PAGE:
Balancing preservation, change in Oak Lodge
The recent loss of local historic properties and an opportunity to restore the Concord Property in Oak Grove for community use has prompted the Concord Community Stakeholders (CCS) and Restore Oregon to co-sponsor an Oak Lodge Historic Resources Forum.
The event will take place at 6:30 p.m. Monday, June 4, in the Performing Arts Center at Rose Villa, 13505 S.E. River Road.
Stephanie Kurzenhauser, CCS chair and Friends of the Oak Lodge Public Library Board president, noted how the community has experienced challenges of late trying to save historic properties in the community, from the recently demolished Philip Oatfield House in Oak Grove to the Evangelical Retreat Center in Jennings Lodge.
"We also have an opportunity to re-imagine the Concord Property as a potential site for a new Oak Lodge Library and community park, so it behooves us to gain a better understanding of how we can more effectively protect the historic resources in Oak Lodge," Kurzenhauser said.
Michael Schmeer, chair of the Oak Lodge History Detectives and who also sits on the Land Use Review Team for the Oak Grove Community Council, will present a history of the former Concord Elementary School at the free, public June 4 event.
"It's important for us to educate citizens about historic preservation so we can learn from recent losses, like the Philip Oatfield House," Schmeer said. "When we lost the fight to save that house from demolition, we learned that when historic properties fall into disrepair, it can become cost-prohibitive for any organization or individual to take on the restoration, especially when you add in the cost of having to relocate the property.
"Our goal with this forum is to highlight the significance of local historic properties, the connection between historic properties and economic development, and the resources available to those who might want to join us in the fight to save future properties before it's too late."
Panelists Katelyn Weber and Lydia Ness from Restore Oregon will provide a comprehensive overview of historic preservation in Oregon. Topics will include Restore Oregon's role in the preservation of historic resources and an introduction to Oregon's preservation laws, legal cases, tools and programs. Restore Oregon has worked to draw attention to the rapid loss of historic fabric throughout the state and represented thousands of local supporters working to protect and restore the historic places that make our state like nowhere else.
Also presenting will be Jennifer Burns, heritage project manager in Clackamas County's Businesses and Community Services Department; Anthony Riederer, senior design and preservation planner for Clackamas County; Joseph Edge, representative from the Oak Grove Community Council's Land Use Application Review Team, vice chair of the McLoughlin Area Plan Implementation Team (MAP-IT) and Milwaukie planning commissioner.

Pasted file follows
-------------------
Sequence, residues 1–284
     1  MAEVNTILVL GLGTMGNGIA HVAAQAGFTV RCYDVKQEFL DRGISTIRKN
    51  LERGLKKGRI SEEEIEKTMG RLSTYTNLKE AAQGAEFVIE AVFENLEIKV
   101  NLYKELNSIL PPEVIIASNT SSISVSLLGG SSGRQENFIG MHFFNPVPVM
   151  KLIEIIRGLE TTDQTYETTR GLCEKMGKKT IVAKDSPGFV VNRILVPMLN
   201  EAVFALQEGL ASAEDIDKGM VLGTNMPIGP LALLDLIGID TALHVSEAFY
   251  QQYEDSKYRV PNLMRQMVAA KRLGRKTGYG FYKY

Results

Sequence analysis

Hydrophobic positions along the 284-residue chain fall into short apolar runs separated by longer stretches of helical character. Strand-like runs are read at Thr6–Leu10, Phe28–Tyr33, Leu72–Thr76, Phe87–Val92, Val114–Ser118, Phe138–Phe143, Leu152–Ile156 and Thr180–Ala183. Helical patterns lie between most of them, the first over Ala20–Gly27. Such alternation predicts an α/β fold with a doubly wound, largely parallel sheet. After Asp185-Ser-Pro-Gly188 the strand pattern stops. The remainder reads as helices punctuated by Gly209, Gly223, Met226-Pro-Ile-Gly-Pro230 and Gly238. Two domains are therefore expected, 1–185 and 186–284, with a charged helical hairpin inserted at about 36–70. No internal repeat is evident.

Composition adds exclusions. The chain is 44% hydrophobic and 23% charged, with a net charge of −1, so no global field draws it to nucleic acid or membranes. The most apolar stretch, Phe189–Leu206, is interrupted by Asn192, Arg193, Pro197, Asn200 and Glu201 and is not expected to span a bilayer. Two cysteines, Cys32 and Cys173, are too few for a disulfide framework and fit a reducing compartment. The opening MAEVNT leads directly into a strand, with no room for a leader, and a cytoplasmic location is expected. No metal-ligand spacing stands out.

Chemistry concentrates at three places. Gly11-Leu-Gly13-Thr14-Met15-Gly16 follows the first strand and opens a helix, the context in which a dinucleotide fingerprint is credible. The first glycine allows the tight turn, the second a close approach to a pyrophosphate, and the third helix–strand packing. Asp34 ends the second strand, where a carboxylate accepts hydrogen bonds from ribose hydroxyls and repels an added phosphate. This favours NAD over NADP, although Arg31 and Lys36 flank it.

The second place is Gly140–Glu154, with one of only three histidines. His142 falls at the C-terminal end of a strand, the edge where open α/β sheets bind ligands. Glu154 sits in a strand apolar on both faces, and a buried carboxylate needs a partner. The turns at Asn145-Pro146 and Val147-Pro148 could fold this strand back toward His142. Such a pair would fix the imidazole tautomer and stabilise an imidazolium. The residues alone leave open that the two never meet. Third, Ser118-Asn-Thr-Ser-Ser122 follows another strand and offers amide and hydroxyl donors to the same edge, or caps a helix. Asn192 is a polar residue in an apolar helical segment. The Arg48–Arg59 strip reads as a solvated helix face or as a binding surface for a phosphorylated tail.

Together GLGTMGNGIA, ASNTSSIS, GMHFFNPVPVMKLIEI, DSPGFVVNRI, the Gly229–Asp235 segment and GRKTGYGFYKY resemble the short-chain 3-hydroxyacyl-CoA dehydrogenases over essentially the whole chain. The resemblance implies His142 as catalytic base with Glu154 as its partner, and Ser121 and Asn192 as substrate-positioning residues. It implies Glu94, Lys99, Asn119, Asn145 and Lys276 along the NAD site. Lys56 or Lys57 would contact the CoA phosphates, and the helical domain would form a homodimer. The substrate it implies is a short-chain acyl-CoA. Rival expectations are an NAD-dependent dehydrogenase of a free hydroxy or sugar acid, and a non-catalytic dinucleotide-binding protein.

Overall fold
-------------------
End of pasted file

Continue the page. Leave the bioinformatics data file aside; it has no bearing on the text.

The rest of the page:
Attendees will have an opportunity to learn more about Clackamas County's Historic Landmark Overlay/Ordinance, resources available for historic preservation, and the challenges and opportunities in balancing neighborhood preservation and change.
Why You Should Care About Restoration
Courtesy of Restore Oregon – visit www.restoreoregon.org/why/
Restoration = Jobs
• Dollar-for-dollar, building rehabilitation creates more jobs than manufacturing, logging, or new construction.
• 60% of rehab expenses go towards labor instead of materials, much of which is imported.
• 75% of the economic benefit stays within the local economy.
• Historic places attract tourism and 83% of leisure travelers in Oregon seek out cultural and heritage destinations.
Reuse = Sustainable
• Over 26% of our landfill comes from construction & demolition waste.
• Historic buildings can be energy-efficient and already utilize passive heating, cooling, and lighting.
• It takes an average of 38 years for a new building to save the energy thrown away by demolishing an existing one.
• "Why spend all this effort recycling cans and bottles– and throw away entire buildings?" Donovan Rypkema
Historic = Livable
• Design, craftsmanship, materials… they don't make 'em like this anymore!
• Historic places tell us who we are and where we come from.
• Historic Main Streets are the original "20-minute neighborhoods"– mixed-use and walkable.
• Older buildings offer creative spaces for housing and small business incubation.
• Historic buildings create an authentic sense of PLACE you'll never find in a strip mall!